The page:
Theme Of Corruption In To Kill A Mockingbird

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Imagine being sent to court, knowing as soon as you step foot in front of the jury, you are guilty. In Harper Lee 's Novel, To Kill a Mockingbird, an African American man named Tom Robinson is accused of raping a White woman. With the help of a man named Atticus Finch, Tom Robinson has to stand in front of a jury full of white people in the 1930’s and defend himself. Atticus is also a father who must be there for his kids, especially while taking this case. Because of white supremacy, unfairness in the courtroom, and the way people are treated because of their skin color, a leading theme of To Kill a Mockingbird is power and corruption.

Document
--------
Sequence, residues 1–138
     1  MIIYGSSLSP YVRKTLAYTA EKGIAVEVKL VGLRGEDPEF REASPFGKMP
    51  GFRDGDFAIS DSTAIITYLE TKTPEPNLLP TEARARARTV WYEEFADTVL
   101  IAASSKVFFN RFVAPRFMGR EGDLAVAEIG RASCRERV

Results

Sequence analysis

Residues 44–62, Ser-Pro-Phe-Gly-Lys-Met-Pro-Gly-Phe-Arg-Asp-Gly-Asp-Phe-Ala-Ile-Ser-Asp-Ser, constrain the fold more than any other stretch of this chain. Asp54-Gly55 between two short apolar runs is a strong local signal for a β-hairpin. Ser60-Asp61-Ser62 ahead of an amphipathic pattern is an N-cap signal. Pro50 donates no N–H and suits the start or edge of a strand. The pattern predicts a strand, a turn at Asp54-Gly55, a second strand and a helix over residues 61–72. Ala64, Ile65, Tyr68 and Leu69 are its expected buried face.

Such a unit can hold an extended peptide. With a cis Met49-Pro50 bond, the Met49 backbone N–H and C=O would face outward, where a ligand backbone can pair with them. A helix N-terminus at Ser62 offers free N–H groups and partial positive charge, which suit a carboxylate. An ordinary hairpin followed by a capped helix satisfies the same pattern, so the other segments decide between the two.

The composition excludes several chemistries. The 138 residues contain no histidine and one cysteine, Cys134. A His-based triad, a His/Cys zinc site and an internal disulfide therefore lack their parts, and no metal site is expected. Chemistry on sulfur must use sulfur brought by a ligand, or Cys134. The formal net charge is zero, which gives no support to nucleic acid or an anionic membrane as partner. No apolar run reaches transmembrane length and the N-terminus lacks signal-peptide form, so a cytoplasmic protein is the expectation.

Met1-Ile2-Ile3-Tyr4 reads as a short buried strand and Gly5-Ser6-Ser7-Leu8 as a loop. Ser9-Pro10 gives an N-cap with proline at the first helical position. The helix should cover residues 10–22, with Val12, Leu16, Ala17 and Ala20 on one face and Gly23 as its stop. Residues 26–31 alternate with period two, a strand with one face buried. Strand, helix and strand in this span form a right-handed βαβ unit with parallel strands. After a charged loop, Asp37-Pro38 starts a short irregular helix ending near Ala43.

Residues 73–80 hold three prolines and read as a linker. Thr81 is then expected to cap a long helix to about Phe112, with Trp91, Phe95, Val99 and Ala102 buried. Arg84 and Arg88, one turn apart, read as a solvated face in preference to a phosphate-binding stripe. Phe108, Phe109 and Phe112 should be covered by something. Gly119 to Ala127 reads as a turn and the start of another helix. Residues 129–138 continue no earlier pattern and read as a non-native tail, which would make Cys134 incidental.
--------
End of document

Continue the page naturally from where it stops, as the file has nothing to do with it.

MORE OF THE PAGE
As soon as Tom Robinson enters the courtroom the case is basically over, all because of his skin color. In the 1930’s you could get away with anything against a person of color, as long as you were a white person. "I got somethin ' to say an ' then I ain 't gonna say no more. That nigger yonder took advantage of me an ' if you fine fancy gentlemen don 't wanta do nothin ' about it then you 're all yellow stinkin ' cowards, stinkin ' cowards, the lot of you. Your fancy airs don 't come to nothin '—your ma 'amin ' and Miss Mayellerin ' don 't come to nothin ', Mr. Finch-" (Lee 251). This quote shows exactly how white people thought of people of color. Mayella saying this shows that she thinks she’s above Tom and he should go straight to jail just because of his skin color. And most of the white people in the room feel the same way. White people
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